ave Fletcher is approaching 94, still rides his Honda motorbike, still cycles and raises funds for the RAF Association. During World War Two, Dave was a rear gunner in a Lancaster bomber, flying missions over Europe. Most of us can’t begin to imagine how terrifying this must have been for a young man. Your life expectancy was about five missions, or six weeks and over 55,000 bomber crew lost their lives defending the Allies. Figures we can’t contemplate in the 21st century. So when Steve Wesson mentioned that Dave was off on his bike for a fundraising ride around France and would we liked to start the journey with him, we were very honoured. We rode down and had a chat with Dave before he set off. He’s a lovely, friendly chap, telling us tales of his wartime experiences and previous bike trips. At the tender age of 92 he undertook a bike trip to Inverness to visit his old air bases, camping on the way! He got lost around Guildford, felt tired so simply had a kip by the side of the main road. Steve has provided Dave with free tea and food for life, a great mark of respect for someone

South East Biker Magazine •

who has more than earned it. We were a bit concerned about Dave heading off into the wilds of France at his age but were reassured when his mate, young Tony (in his mid 80’s) appeared to ride with him! That’s all right then. So Dave set off, with several bikes in pursuit, literally trying to keep up with his pace and we wished him a slightly emotional (us, not Dave) goodbye as he rode off into the sunset. As we rode back, I reflected on what an honour it had been to do just that short journey with someone who had been through so much and is still going strong. We don’t know for sure if he is Britain’s oldest biker, but it’s pretty likely. The good news is Dave completed his trip without major incident and raised over £1000 for the RAF Association. You can ride down to Wessons, have one of their excellent breakfasts or burgers, and drop off a few quid for Dave. Humbly, he doesn’t make a lot of fuss about it, but we think what he does is extraordinary and deserves wider recognition. Wessons Café can be found in Horam, near Heathfield, Sussex. 21



One of the last big outdoor motorcycle events of the year is Brightona 2015 on October 11th. It’s a brilliant biking day out on the south coast, filling Madeira Drive with bikers and motorcyclists of all persuasions.


dedicated team of volunteers give up their time and work all year round to pull it all off. It takes an awful lot of work to organise an event of this scale so all support is welcome. The £5 donation entrance cost goes towards vital medical equipment to improve the lives of hundreds of people. A small price to pay for a day’s entertainment and make a contribution towards facilities that benefit the community. It’s a great family day if you can’t make it on your bike but still want to support the event. Since 2004, Brightona’s Motorbike Festivals have had thousands of visitors flocking to the shores of Brighton. With the backing of the local council and authorites, the event is now a major part of the city’s calendar. Brightona Charity Riders hold many events throughout the year. The biggest of these being the Brightona Bike Show. You can always expect a fun packed time with some amazing motorcycles, hot rods,

South East Biker Magazine •

live music, stalls and not forgetting the wall of death! When it comes to the bikes there are many categories including Best Bike in Show, Best Custom Bike, to name a few, plus Best Hot Rod. Music is a vital part of Brightona and many bands perform at each event, so bring your dancing shoes!! Finally why not treat yourself or a loved one to something from one of the many stalls offering leather wear, bike memorabilia, plus much more to fill your shopping bags. If you would like to contribute but can’t make it to an event or want to get involved as a volunteer, marshall, stall holder or to enter competitions, help raise money or simply keep up to date with upcoming events, contact Abe Goldin on 01273 708151 or email Brightona would like to thank all the loyal sponsors, stall holders, musicians and volunteers who are essential to making these events a success! 23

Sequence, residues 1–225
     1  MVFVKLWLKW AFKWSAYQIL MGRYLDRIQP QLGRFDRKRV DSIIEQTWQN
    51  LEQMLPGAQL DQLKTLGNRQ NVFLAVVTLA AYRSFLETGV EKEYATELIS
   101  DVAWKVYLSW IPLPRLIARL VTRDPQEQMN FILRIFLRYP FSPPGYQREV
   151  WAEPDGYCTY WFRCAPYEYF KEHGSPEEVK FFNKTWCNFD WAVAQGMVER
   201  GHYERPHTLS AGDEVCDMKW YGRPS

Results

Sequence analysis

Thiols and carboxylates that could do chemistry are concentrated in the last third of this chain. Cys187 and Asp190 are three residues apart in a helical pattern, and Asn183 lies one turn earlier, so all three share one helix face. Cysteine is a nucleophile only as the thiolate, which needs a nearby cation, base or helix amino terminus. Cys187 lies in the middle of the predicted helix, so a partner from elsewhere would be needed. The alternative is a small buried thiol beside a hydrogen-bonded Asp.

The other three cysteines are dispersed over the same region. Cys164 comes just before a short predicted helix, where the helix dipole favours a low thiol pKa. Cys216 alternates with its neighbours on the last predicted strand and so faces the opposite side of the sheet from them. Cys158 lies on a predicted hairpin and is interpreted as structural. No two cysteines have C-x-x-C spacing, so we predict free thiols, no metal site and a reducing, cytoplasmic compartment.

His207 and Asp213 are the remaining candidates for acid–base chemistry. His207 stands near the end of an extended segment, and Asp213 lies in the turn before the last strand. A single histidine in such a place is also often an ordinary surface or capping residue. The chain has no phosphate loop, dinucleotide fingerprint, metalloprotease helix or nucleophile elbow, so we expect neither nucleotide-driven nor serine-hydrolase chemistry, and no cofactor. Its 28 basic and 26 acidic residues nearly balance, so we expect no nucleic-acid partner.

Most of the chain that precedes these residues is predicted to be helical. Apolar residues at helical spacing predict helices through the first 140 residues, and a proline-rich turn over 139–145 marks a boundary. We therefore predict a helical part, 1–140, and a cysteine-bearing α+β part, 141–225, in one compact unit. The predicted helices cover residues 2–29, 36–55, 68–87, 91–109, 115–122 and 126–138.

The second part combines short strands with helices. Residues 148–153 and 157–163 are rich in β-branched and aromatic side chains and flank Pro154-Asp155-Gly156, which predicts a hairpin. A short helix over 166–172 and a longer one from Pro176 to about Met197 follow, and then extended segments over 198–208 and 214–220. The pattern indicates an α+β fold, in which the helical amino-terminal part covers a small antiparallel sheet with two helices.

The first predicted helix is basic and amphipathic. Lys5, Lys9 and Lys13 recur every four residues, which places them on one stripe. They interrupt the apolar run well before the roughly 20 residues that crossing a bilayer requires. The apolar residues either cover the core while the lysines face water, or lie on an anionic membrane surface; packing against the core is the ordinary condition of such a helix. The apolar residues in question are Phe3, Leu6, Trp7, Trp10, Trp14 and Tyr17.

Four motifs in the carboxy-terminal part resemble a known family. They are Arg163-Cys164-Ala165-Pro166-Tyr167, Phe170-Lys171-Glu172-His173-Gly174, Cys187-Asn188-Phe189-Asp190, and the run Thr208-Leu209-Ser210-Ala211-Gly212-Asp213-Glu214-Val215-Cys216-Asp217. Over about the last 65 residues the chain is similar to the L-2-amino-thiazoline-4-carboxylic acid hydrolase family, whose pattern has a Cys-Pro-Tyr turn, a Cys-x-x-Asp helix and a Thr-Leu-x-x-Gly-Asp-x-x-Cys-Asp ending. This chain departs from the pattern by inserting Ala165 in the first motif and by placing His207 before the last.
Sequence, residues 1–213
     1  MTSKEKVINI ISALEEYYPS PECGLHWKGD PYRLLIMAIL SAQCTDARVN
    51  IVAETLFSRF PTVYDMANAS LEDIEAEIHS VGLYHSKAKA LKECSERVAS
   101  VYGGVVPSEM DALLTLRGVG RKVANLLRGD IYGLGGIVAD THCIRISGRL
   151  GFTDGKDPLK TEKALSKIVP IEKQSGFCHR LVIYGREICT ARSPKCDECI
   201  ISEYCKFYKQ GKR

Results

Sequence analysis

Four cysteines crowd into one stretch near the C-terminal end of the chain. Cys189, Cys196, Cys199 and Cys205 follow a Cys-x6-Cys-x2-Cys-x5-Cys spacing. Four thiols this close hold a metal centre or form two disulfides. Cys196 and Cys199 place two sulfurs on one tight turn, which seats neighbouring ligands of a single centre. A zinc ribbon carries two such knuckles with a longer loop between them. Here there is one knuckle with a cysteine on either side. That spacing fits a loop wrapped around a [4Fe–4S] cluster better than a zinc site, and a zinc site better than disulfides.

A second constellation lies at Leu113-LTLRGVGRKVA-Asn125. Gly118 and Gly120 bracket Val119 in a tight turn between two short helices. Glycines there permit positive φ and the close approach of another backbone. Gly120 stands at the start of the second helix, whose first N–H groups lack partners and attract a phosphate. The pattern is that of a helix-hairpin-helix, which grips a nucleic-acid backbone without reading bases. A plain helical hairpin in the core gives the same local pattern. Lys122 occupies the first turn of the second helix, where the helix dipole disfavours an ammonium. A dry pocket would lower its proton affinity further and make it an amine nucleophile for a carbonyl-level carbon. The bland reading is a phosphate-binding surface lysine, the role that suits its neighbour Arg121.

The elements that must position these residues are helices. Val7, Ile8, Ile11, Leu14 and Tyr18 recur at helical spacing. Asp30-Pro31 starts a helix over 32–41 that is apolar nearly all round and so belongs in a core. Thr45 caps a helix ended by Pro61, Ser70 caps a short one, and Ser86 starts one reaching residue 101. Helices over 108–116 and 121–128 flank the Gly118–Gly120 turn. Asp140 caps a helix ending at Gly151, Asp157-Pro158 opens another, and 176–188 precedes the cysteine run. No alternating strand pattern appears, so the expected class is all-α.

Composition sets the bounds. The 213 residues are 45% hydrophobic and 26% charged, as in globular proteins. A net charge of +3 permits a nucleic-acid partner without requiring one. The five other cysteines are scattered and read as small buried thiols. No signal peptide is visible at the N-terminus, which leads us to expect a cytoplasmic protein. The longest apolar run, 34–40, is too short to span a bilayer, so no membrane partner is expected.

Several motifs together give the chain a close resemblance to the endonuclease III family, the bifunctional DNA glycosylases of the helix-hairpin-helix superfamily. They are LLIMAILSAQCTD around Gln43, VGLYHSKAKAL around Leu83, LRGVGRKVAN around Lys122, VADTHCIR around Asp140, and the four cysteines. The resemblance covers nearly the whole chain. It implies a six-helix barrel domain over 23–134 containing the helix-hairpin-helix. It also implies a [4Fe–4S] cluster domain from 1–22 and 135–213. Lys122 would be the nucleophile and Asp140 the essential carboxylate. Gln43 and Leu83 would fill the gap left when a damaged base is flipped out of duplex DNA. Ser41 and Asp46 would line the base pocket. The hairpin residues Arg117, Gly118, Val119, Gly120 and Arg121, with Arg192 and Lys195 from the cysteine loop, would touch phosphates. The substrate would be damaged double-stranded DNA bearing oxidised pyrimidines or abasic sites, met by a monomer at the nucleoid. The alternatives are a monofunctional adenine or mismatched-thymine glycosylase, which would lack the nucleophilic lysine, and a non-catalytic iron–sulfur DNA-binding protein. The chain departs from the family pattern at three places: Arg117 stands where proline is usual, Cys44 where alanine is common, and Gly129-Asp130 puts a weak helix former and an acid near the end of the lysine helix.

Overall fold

Tony Charlton is 46 years old and has worked for Michelin for over 25 years. With a background in automotive engineering, Tony is Michelin’s Product Technical Manager for the two-wheel team. Riding for nearly 30 years Tony started out on an FS1E, but currently rides a Triumph Street Triple, a CCM404 and a GasGas Pampera. Mostly a road rider with green laning, the odd track day and some Enduro riding thrown in for good measure!

ne of the questions we get asked a lot is “what are the stickiest tyres you make?” As ever the answer depends on what the tyres going to be used for. The stickiest sportsbike tyres in every manufacturer’s line-ups are their racing slicks and wets, defined by the lap times that they are capable of delivering, but of course they’re not road legal. Most of the big manufacturers now also make road legal race tyres, such as the Michelin Power Cup Evo, the Pirelli Diablo Supercorsa SC, the Dunlop D212 GP Pro and so on. Manufacturers have reacted to customer demand by supplying treaded road legal tyres for racing on. To give maximum grip these type of road legal track tyres have to be run as designed, and that means in the dry (racing wets are used in the wet), and constantly working. On a track if you’re not accelerating as hard as possible, you’re flat out. If you’re not braking as hard as possible, you’re cornering as hard as you can. This means the tyres are constantly being pushed and this is essential to keep the tyres up to their ideal working temperature. Drop outside of the specific tyres relatively narrow optimum temperature range and the grip levels will drop. You may have seen racers frustration at even a short delay on the grid and heard riders blame cold tyres for their accidents. There are also some really good crossover hypersport tyres available that are made to perform well on track, but are designed to warm up and retain their heat much better than a dedicated track tyre and have a far wider temperature performance window. They offer considerably more life too, and are generally designed with 50% track and 50% road use in mind. Ideal for those riders that want to be able 24